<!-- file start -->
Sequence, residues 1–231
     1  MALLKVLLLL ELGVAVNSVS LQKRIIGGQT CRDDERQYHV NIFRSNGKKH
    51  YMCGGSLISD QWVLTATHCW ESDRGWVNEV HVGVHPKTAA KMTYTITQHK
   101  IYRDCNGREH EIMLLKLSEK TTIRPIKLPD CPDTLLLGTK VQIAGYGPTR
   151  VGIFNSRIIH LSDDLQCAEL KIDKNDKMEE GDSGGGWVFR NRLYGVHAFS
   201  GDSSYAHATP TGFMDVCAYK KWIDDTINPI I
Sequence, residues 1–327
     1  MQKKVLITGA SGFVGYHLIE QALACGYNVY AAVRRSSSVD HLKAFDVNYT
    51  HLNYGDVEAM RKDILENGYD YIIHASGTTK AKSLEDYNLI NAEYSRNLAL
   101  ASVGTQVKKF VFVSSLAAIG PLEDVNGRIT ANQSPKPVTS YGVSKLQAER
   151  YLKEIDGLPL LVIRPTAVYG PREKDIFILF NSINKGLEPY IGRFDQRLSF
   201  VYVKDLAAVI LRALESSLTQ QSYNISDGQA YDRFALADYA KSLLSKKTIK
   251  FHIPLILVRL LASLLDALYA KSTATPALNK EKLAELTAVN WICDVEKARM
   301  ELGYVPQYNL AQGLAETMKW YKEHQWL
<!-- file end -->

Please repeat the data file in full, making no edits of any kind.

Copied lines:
Sequence, residues 1–231
     1  MALLKVLLLL ELGVAVNSVS LQKRIIGGQT CRDDERQYHV NIFRSNGKKH
    51  YMCGGSLISD QWVLTATHCW ESDRGWVNEV HVGVHPKTAA KMTYTITQHK
   101  IYRDCNGREH EIMLLKLSEK TTIRPIKLPD CPDTLLLGTK VQIAGYGPTR
   151  VGIFNSRIIH LSDDLQCAEL KIDKNDKMEE GDSGGGWVFR NRLYGVHAFS
   201  GDSSYAHATP TGFMDVCAYK KWIDDTINPI I
Sequence, residues 1–327
     1  MQKKVLITGA SGFVGYHLIE QALACGYNVY AAVRRSSSVD HLKAFDVNYT
    51  HLNYGDVEAM RKDILENGYD YIIHASGTTK AKSLEDYNLI NAEYSRNLAL
   101  ASVGTQVKKF VFVSSLAAIG PLEDVNGRIT ANQSPKPVTS YGVSKLQAER
   151  YLKEIDGLPL LVIRPTAVYG PREKDIFILF NSINKGLEPY IGRFDQRLSF
   201  VYVKDLAAVI LRALESSLTQ QSYNISDGQA YDRFALADYA KSLLSKKTIK
   251  FHIPLILVRL LASLLDALYA KSTATPALNK EKLAELTAVN WICDVEKARM
   301  ELGYVPQYNL AQGLAETMKW YKEHQWL